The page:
The island of Sardinia off the coast of Italy is incredibly stunning. Magnum Marine recently shared posts that were shot in Sardinia of the Magnum 70, which can be found here and here. Read the article below for an insider guide to visiting this beautiful island when it is safe to do so.
Sardinia is undoubtedly best known for limpid turquoise sea and exquisite beaches on the Costa Smeralda, but there are plenty of those elsewhere on the island to and for a fraction of the price. Food and wine are just as important here as well – the island is a designated ‘Blue Zone’, a region where the people live longer and healthier lives than anywhere else on the planet.
But unless you’re a fan of the History Channel, you might not know that Sardinia is one of the most mysterious places on earth. The oldest landmass in Europe, it has archaeological sites, discovered in the 1970s, that date from between 1900 and 730 BC (Sardinia’s Stonehenge). Little is known about the Nuraghic civilization, but there are over 7,000 stone fortresses (the oldest in Europe) around the island, and some of the giant statues created are over eight-feet tall, giving rise to the notion that Sardinia might really have been a ‘Land of the Giants’.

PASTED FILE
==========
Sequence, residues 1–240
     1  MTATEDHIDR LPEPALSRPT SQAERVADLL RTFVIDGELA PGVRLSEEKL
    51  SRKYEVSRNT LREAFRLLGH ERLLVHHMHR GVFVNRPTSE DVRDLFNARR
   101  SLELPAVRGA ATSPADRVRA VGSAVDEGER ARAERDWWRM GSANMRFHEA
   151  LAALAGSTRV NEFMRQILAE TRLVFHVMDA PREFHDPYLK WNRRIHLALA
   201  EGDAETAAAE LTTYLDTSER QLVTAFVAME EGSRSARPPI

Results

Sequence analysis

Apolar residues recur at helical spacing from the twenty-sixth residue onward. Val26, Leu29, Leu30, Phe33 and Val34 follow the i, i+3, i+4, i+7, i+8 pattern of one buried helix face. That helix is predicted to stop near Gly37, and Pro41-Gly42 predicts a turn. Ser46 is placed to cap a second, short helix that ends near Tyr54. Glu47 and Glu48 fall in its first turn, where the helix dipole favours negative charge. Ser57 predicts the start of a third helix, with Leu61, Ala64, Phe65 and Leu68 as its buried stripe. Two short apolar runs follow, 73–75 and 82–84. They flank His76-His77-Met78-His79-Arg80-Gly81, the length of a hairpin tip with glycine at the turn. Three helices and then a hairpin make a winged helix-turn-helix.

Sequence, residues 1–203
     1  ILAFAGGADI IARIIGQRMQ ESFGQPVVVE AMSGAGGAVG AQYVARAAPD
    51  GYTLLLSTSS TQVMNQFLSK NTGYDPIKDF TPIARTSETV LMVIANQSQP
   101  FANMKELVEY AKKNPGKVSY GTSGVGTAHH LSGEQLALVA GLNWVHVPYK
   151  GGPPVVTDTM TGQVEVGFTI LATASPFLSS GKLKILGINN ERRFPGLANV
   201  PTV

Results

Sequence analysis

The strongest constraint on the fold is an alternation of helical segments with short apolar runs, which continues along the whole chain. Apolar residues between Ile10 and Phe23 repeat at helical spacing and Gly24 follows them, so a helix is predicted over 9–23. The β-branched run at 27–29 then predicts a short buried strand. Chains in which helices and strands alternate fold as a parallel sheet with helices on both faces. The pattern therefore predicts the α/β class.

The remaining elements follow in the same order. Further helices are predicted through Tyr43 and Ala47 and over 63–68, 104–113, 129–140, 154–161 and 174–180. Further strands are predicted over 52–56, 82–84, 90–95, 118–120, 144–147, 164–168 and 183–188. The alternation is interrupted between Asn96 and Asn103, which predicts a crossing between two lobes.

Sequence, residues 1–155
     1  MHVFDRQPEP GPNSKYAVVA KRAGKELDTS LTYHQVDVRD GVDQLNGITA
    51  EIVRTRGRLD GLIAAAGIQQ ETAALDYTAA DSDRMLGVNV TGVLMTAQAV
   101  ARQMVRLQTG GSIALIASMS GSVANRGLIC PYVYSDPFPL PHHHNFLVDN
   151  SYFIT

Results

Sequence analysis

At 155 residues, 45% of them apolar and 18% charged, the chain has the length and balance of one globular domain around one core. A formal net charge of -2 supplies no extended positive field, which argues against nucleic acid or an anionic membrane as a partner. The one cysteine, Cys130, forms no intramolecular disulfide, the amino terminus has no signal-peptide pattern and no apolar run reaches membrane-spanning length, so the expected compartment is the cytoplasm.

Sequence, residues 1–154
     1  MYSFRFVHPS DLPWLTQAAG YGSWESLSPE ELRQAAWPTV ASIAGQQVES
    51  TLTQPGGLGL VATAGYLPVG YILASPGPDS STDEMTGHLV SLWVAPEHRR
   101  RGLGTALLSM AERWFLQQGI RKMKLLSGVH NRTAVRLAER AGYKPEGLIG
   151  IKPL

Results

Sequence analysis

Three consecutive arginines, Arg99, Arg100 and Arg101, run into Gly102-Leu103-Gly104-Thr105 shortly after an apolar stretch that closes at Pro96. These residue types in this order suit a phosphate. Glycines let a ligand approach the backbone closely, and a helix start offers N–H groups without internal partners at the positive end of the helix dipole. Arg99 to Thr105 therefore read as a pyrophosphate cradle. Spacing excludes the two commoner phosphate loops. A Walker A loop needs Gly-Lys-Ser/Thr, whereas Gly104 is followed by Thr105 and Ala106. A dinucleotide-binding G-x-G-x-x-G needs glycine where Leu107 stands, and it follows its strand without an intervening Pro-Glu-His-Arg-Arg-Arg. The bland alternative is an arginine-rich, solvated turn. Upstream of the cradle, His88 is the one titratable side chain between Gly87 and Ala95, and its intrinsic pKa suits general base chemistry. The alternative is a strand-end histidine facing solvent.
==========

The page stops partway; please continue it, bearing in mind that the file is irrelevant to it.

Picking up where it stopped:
Base yourself in the pretty port of Cagliari, the island’s capital, where there are regular street markets and plenty of lovely bars and restaurants, and begin day one by heading west to the charming town of Pula. From here it’s a short drive to visit the Roman and Carthaginian ruins of Nora that lie in front of the sea and which include mosaics, temples, and thermal baths. The tours are fascinating, thanks to the enthusiastic guides who provide plenty of information about the site.
After a morning of exploring, head back into the buzzy little town of Pula where there are plenty of places to eat and drink. S’Incontru (Piazza del Popolo, 63; 00 39 070 920 8128) on the main square is one of the liveliest. Take a terrace table, and watch the world go by while waiting for your wood-fired pizza, topped with the likes of prosciutto cotto e rucola (ham and rocket) or frutti di mare (seafood). There’s also a sushi bar and vegetarian options.